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# Let f\left( x \right)=\left\{ \begin{align} & 1-\sqrt{1-{{x}^{2}}}\text{ for }-1\le x\le 1 \\ & 1+\log \dfrac{1}{x}\text{ for }x>1 \\ \end{align} \right.Then(a) $f$is continuous at $x=1$(b) $f$is not differentiable at $x=1$(c) $f$is continuous and differentiable at $x=1$(d) ${{f}^{'}}\left( x \right)$exists for all $x\in \left( 0,1 \right)$

Last updated date: 12th Sep 2024
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Hint: If the value of limit of the function at a point $x=a$ is equal to the value of the function at $x=a$ , the function is said to be continuous at $x=a$. A function is differentiable at $x=a$ , if the left-hand derivative of the function is equal to the right hand derivative of the function at $x=a$.

The given function is f\left( x \right)=\left\{ \begin{align} & 1-\sqrt{1-{{x}^{2}}}\text{ for }-1\le x\le 1 \\ & 1+\log \dfrac{1}{x}\text{ for }x>1 \\ \end{align} \right.
We will check if the function is continuous or differentiable at critical points of the function .
A function is differentiable at $x=a$ , if the left-hand derivative of the function is equal to the right hand derivative of the function at $x=a$.
We know , the left hand derivative of $f\left( x \right)$ at $x=a$ is given as ${{L}^{'}}=\underset{h\to {{0}^{+}}}{\mathop{\lim }}\,\dfrac{f\left( a-h \right)-f\left( a \right)}{-h}$ and the right hand derivative of $f\left( x \right)$ at $x=a$ is given as ${{R}^{'}}=\underset{h\to {{0}^{+}}}{\mathop{\lim }}\,\dfrac{f\left( a+h \right)-f\left( a \right)}{h}$.
First , we will check the differentiability of the function $f\left( x \right)$ at $x=1$.
The left-hand derivative of $f\left( x \right)$at $x=1$is given by
${{L}^{'}}=\underset{h\to {{0}^{+}}}{\mathop{\lim }}\,\dfrac{f\left( 1-h \right)-f\left( 1 \right)}{-h}$
$=\underset{h\to {{0}^{+}}}{\mathop{\lim }}\,\dfrac{\left( 1-\sqrt{1-{{\left( 1-h \right)}^{2}}} \right)-\left( 1-\sqrt{1-{{1}^{2}}} \right)}{-h}$
$=\underset{h\to {{0}^{+}}}{\mathop{\lim }}\,\dfrac{1-\sqrt{1-1+2h-{{h}^{2}}}-1}{-h}$
$=\underset{h\to {{0}^{+}}}{\mathop{\lim }}\,\dfrac{-\sqrt{2h-{{h}^{2}}}}{-h}$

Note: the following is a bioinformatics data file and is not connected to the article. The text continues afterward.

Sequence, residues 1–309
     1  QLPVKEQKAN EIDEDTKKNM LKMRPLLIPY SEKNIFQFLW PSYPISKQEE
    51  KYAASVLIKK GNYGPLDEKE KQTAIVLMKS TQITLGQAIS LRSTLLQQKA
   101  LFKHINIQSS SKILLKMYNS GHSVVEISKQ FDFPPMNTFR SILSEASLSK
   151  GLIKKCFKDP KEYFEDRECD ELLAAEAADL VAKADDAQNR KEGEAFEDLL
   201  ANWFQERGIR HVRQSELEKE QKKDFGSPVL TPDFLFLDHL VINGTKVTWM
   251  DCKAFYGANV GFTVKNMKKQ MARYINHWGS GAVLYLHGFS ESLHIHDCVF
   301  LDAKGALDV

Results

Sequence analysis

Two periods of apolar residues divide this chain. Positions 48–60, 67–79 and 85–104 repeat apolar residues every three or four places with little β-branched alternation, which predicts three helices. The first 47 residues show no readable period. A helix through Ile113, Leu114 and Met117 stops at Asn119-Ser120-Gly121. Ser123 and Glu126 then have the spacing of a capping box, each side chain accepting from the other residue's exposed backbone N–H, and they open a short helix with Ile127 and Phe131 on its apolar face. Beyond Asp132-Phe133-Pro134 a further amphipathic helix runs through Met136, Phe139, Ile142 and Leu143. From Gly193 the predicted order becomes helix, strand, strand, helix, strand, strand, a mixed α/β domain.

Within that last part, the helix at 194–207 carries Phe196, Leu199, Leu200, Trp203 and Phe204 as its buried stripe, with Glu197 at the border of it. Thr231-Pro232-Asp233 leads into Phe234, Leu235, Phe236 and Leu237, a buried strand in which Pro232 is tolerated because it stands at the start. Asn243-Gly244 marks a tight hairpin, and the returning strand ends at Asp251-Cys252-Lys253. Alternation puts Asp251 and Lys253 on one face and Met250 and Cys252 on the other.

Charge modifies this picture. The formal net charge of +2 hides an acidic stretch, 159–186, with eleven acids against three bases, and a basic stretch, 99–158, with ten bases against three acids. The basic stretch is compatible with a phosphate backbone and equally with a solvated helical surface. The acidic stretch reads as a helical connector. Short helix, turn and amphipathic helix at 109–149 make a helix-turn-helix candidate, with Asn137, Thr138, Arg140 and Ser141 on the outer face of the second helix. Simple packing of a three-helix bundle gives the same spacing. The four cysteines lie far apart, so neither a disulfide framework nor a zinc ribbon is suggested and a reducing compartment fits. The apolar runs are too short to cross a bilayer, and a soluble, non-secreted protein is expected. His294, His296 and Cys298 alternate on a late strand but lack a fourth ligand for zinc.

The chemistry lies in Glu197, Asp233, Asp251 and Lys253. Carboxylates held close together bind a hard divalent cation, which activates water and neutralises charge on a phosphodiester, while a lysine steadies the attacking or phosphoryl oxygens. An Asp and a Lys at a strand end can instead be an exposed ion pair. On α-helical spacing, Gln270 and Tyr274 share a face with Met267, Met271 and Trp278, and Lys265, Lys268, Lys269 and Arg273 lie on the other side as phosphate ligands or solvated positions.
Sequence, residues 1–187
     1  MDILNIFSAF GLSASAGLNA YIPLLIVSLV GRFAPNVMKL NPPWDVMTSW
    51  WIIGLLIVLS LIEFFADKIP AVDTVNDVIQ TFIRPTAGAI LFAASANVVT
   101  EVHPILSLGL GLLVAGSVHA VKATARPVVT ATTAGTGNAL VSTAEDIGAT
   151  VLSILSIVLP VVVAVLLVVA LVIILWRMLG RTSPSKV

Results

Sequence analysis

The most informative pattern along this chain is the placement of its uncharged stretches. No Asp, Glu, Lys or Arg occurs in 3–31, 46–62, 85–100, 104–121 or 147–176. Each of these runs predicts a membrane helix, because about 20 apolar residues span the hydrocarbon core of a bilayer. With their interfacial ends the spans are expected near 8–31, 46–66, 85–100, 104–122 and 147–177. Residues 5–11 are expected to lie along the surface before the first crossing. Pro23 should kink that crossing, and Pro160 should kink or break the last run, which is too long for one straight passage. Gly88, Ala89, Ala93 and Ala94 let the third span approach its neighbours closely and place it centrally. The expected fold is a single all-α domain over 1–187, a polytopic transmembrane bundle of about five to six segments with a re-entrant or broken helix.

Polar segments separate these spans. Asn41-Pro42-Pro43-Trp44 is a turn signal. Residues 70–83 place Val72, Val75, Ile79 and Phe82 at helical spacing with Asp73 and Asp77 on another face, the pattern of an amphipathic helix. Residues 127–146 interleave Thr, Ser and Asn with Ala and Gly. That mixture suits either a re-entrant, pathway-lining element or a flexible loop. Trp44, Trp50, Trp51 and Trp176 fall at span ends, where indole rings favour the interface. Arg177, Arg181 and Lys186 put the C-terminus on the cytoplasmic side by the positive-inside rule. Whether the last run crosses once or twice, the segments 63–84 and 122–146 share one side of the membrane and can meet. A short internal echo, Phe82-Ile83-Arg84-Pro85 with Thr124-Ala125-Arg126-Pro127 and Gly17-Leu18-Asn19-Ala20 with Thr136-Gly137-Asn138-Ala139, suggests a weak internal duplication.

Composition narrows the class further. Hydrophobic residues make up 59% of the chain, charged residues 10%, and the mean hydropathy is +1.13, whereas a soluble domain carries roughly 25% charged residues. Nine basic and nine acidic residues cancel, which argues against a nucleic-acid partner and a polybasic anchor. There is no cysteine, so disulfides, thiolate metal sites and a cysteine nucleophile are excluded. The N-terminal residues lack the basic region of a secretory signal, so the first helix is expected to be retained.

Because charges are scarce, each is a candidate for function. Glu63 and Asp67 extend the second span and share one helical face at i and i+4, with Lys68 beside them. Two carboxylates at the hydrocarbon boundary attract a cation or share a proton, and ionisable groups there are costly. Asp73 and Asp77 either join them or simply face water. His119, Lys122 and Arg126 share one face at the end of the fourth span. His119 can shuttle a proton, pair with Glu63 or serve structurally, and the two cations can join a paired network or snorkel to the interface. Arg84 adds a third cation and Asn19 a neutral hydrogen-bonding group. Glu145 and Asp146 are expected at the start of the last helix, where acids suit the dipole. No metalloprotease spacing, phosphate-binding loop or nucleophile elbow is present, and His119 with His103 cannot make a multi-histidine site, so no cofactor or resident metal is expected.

Now , on substituting $h=0$ in the limit , we can see that it gives an indeterminate value $\dfrac{0}{0}$. In such conditions, we apply L’ Hopital’s rule to evaluate the limit.
L’ Hopital’s Rule states that “ if $L=\underset{x\to c}{\mathop{\lim }}\,\dfrac{f(x)}{g(x)}$ and $f(x)=g(x)=0$ or $\infty$, then $L=\underset{x\to c}{\mathop{\lim }}\,\dfrac{f'(x)}{g'(x)}$ .”
So , to find the value of the limit , we must differentiate the numerator and the denominator with respect to $x$.
${{L}^{'}}=\underset{h\to {{0}^{+}}}{\mathop{\lim }}\,\dfrac{\dfrac{-1}{2\sqrt{2h-{{h}^{2}}}}.2-2h}{-1}$
$=\dfrac{2}{0}=\infty$
The right-hand derivative of $f\left( x \right)$at $x=1$is given by
${{R}^{'}}=\underset{h\to {{0}^{+}}}{\mathop{\lim }}\,\dfrac{f\left( 1+h \right)-f\left( 1 \right)}{h}$
${{R}^{'}}=\underset{h\to {{0}^{+}}}{\mathop{\lim }}\,\dfrac{1+\log \dfrac{1}{\left( 1+h \right)}-\left( 1+\log 1 \right)}{h}$
${{R}^{'}}=\underset{h\to {{0}^{+}}}{\mathop{\lim }}\,\dfrac{1+\log \dfrac{1}{\left( 1+h \right)}-1-0}{h}$
${{R}^{'}}=\underset{h\to {{0}^{+}}}{\mathop{\lim }}\,\dfrac{\log \dfrac{1}{\left( 1+h \right)}}{h}$
Applying L’ Hopital’s Rule , we get
\begin{align} & {{R}^{'}}=\dfrac{\underset{h\to {{0}^{+}}}{\mathop{\lim }}\,\dfrac{1}{\dfrac{1}{1+h}}\times \dfrac{-1}{{{(1+h)}^{2}}}}{1} \\ & =-1 \\ \end{align}
Since the left hand derivative is not equal to the right hand derivative, hence , the function is not differentiable at $x=1$.
Now, we will check the continuity of the function at $x=1$.
A function is said to be continuous at $x=a$ if the value of limit of the function at a point $x=a$ is equal to the value of the function at $x=a$ .
The right-hand limit of $f\left( x \right)$at $x=1$ is given by
$\underset{h\to 0}{\mathop{\lim }}\,f\left( 1+h \right)=\underset{h\to 0}{\mathop{\lim }}\,\left( 1+\log \dfrac{1}{1+h} \right)$
\begin{align} & =1+0 \\ & =1 \\ \end{align}
The left-hand limit of $f\left( x \right)$at $x=1$is given by
\begin{align} & \underset{h\to 0}{\mathop{\lim }}\,f\left( 1-h \right)=\underset{h\to 0}{\mathop{\lim }}\,\left( 1-\sqrt{1-{{\left( 1-h \right)}^{2}}} \right) \\ & =1 \\ \end{align}
Value of function at $x=1$is given as
\begin{align} & f\left( 1 \right)=1-\sqrt{1-{{1}^{2}}} \\ & =1 \\ \end{align}
Clearly , left hand limit $=$right hand limit$=f\left( 1 \right)$
So , the function is continuous at $x=1$.
Now , in the interval $\left( 0,1 \right)$, $f\left( x \right)=1-\sqrt{1-{{x}^{2}}}$. On differentiating $f(x)$ with respect to $x$ , we get
$\dfrac{d}{dx}(f(x))=\dfrac{-1}{2\sqrt{1-{{x}^{2}}}}\times (-2x)$
$=\dfrac{x}{\sqrt{1-{{x}^{2}}}}$
Clearly , $f'(x)$ exists $\forall x\in (-1,1)$. Hence , ${{f}^{'}}\left( x \right)$exists for all $x\in \left( 0,1 \right)$.
Note: If a function is differentiable at a, it should necessarily be continuous. But if a function is continuous, it is not necessary that it is differentiable at $x=a$.